In early October, the panel agreed to create an MDL and centralize all pending federal cases against Juul in the court of U.S. District Judge William Orrick of the Northern District of California, who was already overseeing a class-action lawsuit brought against Juul in 2018 by 44 plaintiffs from 22 states.

Roundup Weed Killer Causes CancerMonsanto has recently been on the wrong end of several major jury verdicts in lawsuits relating to its product Roundup. Plaintiffs have filed suit against the company, alleging that the weed killer was responsible for cases of non-Hodgkin’s lymphoma. Last year, a terminally ill California man was awarded $ 289 million by a California jury. This was followed by other large verdicts, as juries have reacted viscerally to evidence of Monsanto’s corporate behavior. Now, the company faces many other lawsuits while simultaneously appealing the jury verdicts with which it was already hit.

Roundup has been used as a pesticide for many years, starting with its introduction in 1974. The product was viewed to be a safer alternative to the pesticide DDT. However, there were reports starting in the early part of this century that the product could cause cancer. By 2015, the World Health Organization concluded that glyphosate-based products were “probably carcinogenic to humans.” Nonetheless, the EPA continues to cling to the belief that glyphosate is entirely safe and will not take steps to regulate sales of the product. The regulatory agency will not entertain the mounting evidence to the contrary in reevaluating its opinion.

The first lawsuits began to go in front of juries within the past couple of years. The watershed case was heard in California. The plaintiff was a man named Dewayne Johnson who was terminally ill with cancer. Johnson was a groundskeeper for the school district and had used Roundup for years. Now he had non-Hodgkin’s lymphoma. Of particular interest to the jury was Monsanto’s record of corporate behavior. Rather than objectively assess whether its product was safe, the company attempted to place a finger on the scale by influencing the scientific debate over the possible danger associated with Roundup.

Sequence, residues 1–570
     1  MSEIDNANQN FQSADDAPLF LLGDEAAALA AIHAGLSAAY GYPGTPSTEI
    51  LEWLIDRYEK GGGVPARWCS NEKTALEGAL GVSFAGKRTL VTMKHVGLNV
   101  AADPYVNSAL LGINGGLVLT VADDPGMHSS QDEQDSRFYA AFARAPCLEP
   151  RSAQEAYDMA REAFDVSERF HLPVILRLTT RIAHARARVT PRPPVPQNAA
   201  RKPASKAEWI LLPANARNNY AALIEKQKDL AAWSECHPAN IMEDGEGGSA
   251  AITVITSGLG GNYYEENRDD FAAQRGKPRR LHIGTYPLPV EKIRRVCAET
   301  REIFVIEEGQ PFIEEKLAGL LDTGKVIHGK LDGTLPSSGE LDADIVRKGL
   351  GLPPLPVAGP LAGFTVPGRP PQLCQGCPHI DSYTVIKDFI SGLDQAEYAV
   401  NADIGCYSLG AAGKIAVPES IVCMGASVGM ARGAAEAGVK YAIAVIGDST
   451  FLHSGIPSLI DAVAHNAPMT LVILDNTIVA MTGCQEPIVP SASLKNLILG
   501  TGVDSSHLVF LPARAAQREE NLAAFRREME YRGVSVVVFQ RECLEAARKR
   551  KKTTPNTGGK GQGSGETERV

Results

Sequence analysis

Talc Powder and Increase in Ovarian CancerJohnson & Johnson has faced widespread legal exposure relating to its flagship talc powder product. In the past several years, juries in state court have found that talc powder was to blame for ovarian cancer and have assessed the company with steep damages in talcum powder cancer lawsuits. This culminated with a multi-billion dollar verdict in favor of a group of plaintiffs in Missouri. Now, there is federal multi-district litigation that is making its way through the discovery phase. Since the case is largely based on scientific evidence, a recent hearing may prove crucial to plaintiffs’ chances for success when the bellwether cases go to trial.

The allegations that Johnson & Johnson faces stem from the fact that there is at least some scientific evidence that its talc powder contains traces of asbestos. Talc and asbestos occurring near each other naturally in the ground so it is entirely possible, and perhaps probable, that where one is found, the other will be present too. This has been an issue that has been debated scientifically for decades. The company has been a part of the debate, attempting to influence scientific research to show that its talc powder is safe. Regardless, the company has known about the possibility that its talc powder could pose a danger to users going as far back as the 1950s.